Using a 6 V DC motor for a 3.3 V LED

We are tasked to do a generator with LED for our project. We were given this video as a guide.

I am planning to buy a 6 V DC motor to power a 3.3 V LED. Is that okay? Although I have read somewhere that as long as I spin the motor slowly it would be okay, I just want to make sure.

• That video is slimy and noxious and, from the few seconds that I watched, not relevant to your question. However, if there is anything important in the video (that I was too nauseated to watch) you should capture it and, post as an image into your question. What is relevant are including links to data sheets for the LED and motor but, the problem is that it's a motor and not a generator and, it's difficult to make assumptions about how it operates as a generator so, you need to test it first. Mar 2 at 10:05
• I have found the Joule-Thief circuit to be very useful for doing this, giving much better and much more even LED illumination, but the 1K resistor needs to be replaced with a lower value, and you'll have to do your own experiments to determine the resistor value that is best for your situation. Mar 9 at 5:59

Sorry, I'm not going to watch a video for you, but there are a few general points:

• There is a relationship between rotational speed and the voltage when the running as a motor. Motor speed rises with applied voltage.
• When run as a generator the same relationship will apply (but the generated voltage will be a little less due to losses).

That means that if you run the motor at 6 V and measure the RPM that you can establish a relationship between the two. (You might find that you get 123 RPM/volt, for example.) From this you can then figure out what RPM you need to apply to generate a specific voltage.

• LEDs will draw little current until the voltage applied reaches the Vf, the forward voltage, 3.3 V in your case, and then the current rises very steeply with further rise in voltage. That means you need some means of limiting the current to a safe value. This is most easily done using a resistor.

What to do?

• Look at the datasheet for the LED and find out what the maximum current allowed is. Run at 50% to 75% of that for extended life.
• Calculate R for the maximum voltage output by the motor, 6 V, as follows.

$$R = \frac {6 - V_f} {i_{max}}$$

Choose the nearest standard value.

Assuming a brushed DC permanent magnet motor, the motor will output somewhat more than the rated voltage if you spin it at the no-load speed. For example, this motor will spin at about 10,800 RPM if you feed it with 6V. If you spin it at 10,800 RPM you'll get a bit more than 6V out of it (the difference being due to losses in the motor such as windage and friction when it is spinning itself). The open-circuit voltage will be proportional to the angular velocity, so at 1,100 RPM you'll get only 0.6 or 0.7V.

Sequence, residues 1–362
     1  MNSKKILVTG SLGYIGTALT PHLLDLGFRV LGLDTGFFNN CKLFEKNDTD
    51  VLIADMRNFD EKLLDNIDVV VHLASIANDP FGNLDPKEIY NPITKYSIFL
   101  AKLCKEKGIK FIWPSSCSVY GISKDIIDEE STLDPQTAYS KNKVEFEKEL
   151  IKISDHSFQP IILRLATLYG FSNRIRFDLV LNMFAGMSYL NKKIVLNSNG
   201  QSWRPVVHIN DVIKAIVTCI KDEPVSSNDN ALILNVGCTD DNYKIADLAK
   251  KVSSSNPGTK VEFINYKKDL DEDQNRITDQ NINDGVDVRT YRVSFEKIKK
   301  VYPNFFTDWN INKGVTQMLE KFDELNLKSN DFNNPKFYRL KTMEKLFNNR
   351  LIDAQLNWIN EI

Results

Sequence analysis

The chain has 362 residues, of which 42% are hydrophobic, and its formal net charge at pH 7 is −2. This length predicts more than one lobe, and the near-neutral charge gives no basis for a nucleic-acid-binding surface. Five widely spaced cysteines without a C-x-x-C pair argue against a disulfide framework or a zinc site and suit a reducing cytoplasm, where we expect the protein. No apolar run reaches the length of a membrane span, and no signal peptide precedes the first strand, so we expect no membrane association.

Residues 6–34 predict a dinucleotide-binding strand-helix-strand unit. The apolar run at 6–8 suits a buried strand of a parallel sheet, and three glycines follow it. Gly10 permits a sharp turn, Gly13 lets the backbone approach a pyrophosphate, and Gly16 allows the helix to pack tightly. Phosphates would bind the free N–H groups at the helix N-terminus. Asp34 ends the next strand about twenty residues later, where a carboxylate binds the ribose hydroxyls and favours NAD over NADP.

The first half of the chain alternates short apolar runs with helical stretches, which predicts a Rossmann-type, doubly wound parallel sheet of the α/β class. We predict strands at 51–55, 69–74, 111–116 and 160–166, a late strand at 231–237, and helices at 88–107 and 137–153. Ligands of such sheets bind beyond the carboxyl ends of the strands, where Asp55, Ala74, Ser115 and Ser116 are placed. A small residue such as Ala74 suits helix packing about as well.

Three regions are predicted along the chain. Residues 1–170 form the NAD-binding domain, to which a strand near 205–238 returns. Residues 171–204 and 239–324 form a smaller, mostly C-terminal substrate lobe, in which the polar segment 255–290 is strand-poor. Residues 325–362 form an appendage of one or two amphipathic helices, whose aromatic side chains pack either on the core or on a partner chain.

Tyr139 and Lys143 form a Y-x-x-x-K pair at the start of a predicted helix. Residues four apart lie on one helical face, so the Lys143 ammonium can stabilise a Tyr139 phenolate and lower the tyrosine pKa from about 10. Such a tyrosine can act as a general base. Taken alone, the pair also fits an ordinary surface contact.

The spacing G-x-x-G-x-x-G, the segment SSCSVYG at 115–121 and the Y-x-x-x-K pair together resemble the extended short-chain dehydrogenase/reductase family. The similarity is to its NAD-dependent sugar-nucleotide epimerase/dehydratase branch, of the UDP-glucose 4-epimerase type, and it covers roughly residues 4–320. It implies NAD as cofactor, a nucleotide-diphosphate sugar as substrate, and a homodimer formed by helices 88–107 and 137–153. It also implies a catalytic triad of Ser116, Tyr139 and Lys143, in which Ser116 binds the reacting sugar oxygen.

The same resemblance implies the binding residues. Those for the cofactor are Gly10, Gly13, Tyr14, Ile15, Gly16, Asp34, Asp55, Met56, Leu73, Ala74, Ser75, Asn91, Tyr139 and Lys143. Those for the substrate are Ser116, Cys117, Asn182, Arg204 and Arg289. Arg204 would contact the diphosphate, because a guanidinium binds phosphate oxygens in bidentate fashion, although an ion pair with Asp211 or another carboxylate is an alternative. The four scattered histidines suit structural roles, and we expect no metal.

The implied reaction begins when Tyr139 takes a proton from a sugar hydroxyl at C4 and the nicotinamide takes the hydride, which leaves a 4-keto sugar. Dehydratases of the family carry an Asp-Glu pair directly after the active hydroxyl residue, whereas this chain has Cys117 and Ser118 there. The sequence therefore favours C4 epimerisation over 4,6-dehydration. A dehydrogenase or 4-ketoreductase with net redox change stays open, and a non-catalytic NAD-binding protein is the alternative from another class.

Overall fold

You can operate a 3.3V LED from 6V or 12V with choice of a suitable resistor but you cannot directly operate it from a 2V source. It is better to have at least 4 or 5V so that it's harder to pass excessive current through the LED.

You can measure the open-circuit voltage with the motor spinning at a reasonable rate and then calculate a suitable resistor.

For example if you want 15mA with 5V out, then you would use a resistor of R = (5-3.3)V/0.015A = 113Ω, so you might use 100Ω or 120Ω.

Given the relatively high RPM of typical toy motors you might prefer a higher voltage motor so you don't have to spin it as fast, but that depends on your mechanical drive arrangement and how well that works. I did not attempt to estimate how good the arrangement shown in the video will work.

What you're looking at are called nominal ratings. "Nominal" means "in name only", or more accurately in an electronics context, it means the numbers that are on the data sheet or name plate; the numbers the part is designed for.

You don't have to use the part at those numbers.

A 6 volt motor is designed to be run at 6 volts. However, no law of physics stops you from plugging in 3 volts. It will run slower. No law of physics stops you from plugging in 9 volts. It will run a faster, and wear out sooner (still not for a long time), and it might overheat a little. No law of physics stops you from plugging in 48 volts. It will probably spin very fast, make some sparks inside it, then catch fire and you'll have to blow the fire out and buy a new motor.

When you use it as a generator, the reverse applies. You can spin it faster than normal and get more volts. You can spin it slower than normal and get less volts. It even works in both directions. If you connect something that limits the voltage, once the voltage tries to go above that, it will increase the current instead, putting a drag on the generator and making it harder to turn.

If you have a plain LED without a resistor in it, the LED acts mostly like a voltage limiter. Once the voltage tries to go above the LED's forward voltage (about 3 volts for blue or white, 1.5-2 volts for other colours) the current will start flowing through the LED, holding the voltage down and putting a drag on the generator. If you try hard enough you can still make the voltage get up to 6 volts, but probably by that point, the LED's already burned out from too much current.

If the LED has a resistor, the same thing will happen but the resistor will 'absorb' some voltage making a 'softer' curve - less extra current flows when the voltage increases, making it easier to turn the generator faster, and the excess power will be spent in the resistor. Blue and white LEDs also have higher internal resistance than other colours and behave a bit like this.